London, UK – Brits deported to Jamaica have been advised not to speak in a British accent in a patronising Home Office leaflet filled with tips on how to blend in. The advice, issued in 2013, urges deportees to ‘try to be Jamaican’, saying a British accent would “attract unwanted attention”.
The instruction booklet, entitled “Coming Home to Jamaica” was first published in 2013 by the Foreign and Commonwealth Office (FCO) and was updated in 2015. The leaflet is accompanied by a DVD and is given to all Jamaican nationals about to be deported from the UK.
Since the document came to light this week, Prime Minister Theresa May and Home Secretary Amber Rudd has face criticism over the “appalling” treatment of the ‘Windrush generation’ – a group named after the Empire Windrush, the ship which brought some of the first Caribbean migrants to Britain in 1948 to help the country rebuild after World War II.
According to the Nationality Act of 1948, anyone who arrived in the UK from a Commonwealth country before 1973 is a British Citizen but now they face being deported under new immigration rules despite living and working in the UK for decades.
David Lammy, Labour MP for Tottenham, expressed outrage at the guide in Parliament.
What is this Theresa May and Amber Rudd? I thought this was a joke but UK Home Office have actually produced a “Coming home to Jamaica guide”. Eg “Try to be Jamaican”. How can someone do that when they are British and their home is in Britain? It is hard to believe that this document was written, approved and published. The very fact that the government feels that this is an appropriate way to treat the ancestors of those Caribbean pioneers who were invited to Britain as citizens tells its own sad story about the treatment of immigrants in our country. – David Lammy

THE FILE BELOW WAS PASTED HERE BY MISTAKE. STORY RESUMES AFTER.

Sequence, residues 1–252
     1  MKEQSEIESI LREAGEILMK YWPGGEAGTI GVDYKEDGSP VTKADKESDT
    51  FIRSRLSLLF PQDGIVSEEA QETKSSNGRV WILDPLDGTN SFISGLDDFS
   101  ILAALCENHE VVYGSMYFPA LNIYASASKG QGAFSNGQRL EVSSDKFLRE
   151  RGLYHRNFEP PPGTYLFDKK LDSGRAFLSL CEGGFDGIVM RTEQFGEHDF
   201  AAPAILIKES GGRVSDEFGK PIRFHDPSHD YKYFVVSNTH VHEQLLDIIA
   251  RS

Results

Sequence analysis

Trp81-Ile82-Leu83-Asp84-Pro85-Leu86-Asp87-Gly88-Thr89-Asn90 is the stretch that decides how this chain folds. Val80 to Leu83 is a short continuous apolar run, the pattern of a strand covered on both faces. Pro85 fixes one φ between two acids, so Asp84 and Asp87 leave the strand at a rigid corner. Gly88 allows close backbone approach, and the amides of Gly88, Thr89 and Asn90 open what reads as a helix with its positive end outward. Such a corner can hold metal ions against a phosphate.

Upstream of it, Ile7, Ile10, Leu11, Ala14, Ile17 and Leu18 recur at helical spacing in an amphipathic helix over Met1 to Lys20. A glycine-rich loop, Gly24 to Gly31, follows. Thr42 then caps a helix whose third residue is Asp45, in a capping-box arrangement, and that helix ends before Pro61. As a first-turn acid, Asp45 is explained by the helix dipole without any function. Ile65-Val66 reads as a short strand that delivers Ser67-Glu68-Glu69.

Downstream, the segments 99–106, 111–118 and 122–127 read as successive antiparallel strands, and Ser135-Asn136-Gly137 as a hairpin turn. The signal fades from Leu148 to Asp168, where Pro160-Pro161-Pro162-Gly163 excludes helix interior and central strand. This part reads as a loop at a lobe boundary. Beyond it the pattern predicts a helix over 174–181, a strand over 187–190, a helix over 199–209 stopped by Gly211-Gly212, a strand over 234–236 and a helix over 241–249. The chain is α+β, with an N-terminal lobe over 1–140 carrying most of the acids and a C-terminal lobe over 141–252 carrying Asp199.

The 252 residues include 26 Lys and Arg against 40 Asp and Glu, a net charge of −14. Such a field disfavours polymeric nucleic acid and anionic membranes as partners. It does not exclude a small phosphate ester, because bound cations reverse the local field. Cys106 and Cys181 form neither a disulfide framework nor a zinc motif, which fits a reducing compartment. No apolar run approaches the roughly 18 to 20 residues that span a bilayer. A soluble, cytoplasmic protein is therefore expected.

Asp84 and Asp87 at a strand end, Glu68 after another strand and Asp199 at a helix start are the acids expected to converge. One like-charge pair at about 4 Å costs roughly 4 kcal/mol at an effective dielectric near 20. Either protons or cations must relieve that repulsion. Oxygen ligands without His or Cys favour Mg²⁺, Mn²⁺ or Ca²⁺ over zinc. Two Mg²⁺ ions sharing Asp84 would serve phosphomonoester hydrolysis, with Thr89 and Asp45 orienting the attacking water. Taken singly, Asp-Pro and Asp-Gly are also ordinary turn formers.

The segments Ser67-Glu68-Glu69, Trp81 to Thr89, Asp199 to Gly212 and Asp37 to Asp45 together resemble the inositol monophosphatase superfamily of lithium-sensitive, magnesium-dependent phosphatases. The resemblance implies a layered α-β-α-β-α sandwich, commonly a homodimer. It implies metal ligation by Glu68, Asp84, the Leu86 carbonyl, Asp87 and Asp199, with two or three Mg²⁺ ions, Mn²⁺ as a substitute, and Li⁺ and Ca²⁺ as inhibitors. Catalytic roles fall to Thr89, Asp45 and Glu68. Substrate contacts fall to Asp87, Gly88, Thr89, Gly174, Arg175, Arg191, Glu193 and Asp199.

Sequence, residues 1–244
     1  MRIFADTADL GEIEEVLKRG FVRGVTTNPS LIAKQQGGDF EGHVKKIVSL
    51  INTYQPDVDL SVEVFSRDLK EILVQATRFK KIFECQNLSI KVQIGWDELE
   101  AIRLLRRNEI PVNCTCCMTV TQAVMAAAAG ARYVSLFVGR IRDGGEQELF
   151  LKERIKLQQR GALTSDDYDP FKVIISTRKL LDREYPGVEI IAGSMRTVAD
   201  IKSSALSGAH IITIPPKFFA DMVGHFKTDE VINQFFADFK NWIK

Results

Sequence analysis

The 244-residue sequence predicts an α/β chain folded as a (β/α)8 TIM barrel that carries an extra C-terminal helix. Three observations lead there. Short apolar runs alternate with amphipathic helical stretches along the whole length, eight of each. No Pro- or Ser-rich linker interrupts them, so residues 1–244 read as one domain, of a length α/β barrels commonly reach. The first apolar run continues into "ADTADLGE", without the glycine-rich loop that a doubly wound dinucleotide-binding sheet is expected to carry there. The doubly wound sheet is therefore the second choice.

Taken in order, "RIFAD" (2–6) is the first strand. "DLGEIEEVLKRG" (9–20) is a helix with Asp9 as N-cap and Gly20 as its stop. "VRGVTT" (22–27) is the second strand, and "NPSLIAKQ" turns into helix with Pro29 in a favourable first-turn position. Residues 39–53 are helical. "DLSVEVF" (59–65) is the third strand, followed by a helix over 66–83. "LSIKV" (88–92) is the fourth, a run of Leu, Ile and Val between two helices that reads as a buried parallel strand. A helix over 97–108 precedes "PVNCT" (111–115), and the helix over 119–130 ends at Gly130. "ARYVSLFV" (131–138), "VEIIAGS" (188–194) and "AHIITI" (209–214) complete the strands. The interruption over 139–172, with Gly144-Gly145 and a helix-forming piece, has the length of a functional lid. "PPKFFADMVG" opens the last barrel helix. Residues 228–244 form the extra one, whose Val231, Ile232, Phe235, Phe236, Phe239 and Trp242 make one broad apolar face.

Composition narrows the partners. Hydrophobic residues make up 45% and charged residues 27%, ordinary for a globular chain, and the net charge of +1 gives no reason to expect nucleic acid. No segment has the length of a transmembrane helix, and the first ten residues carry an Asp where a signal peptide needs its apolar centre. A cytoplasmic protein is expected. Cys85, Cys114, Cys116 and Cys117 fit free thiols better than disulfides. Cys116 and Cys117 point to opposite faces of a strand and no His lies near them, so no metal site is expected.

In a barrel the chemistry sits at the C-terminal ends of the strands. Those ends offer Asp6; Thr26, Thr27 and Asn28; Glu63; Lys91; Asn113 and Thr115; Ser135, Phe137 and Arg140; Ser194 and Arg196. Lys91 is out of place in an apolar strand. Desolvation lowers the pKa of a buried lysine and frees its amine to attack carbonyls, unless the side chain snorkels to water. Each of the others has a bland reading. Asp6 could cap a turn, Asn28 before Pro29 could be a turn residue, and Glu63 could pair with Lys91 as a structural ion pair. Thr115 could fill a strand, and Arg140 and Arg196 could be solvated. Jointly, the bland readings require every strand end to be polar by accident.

Since the scandal broke, Prime Minister May met with 12 Commonwealth Heads of Government and assured them that the situation will be rectified and apologized for the anxiety that has been caused.
We very much regret any anxiety that uncertainty over their status may have caused. We would also like to reassure you that there will be no removals or detention as part of any assistance to help these citizens get their proper documentation in place. – Theresa May, PM
People born in Jamaica and other Caribbean countries are thought to be more affected than those from other Commonwealth nations, as they were more likely to arrive on their parent’s passports without their own ID documents.
Home Secretary Amber Rudd has also apologized for the “wrong” and “appalling” treatment of the so-called Windrush generation and said she was concerned the Government “sometimes loses sight” of individuals.
She further advised Parliament that a special division has been setup in her office to determine if any among the Windrush generation have been deported.
The Migration Observatory at Oxford University estimates that some 50,000 Commonwealth-born people in the UK, who arrived before 1971, may not yet have regularised their residency status.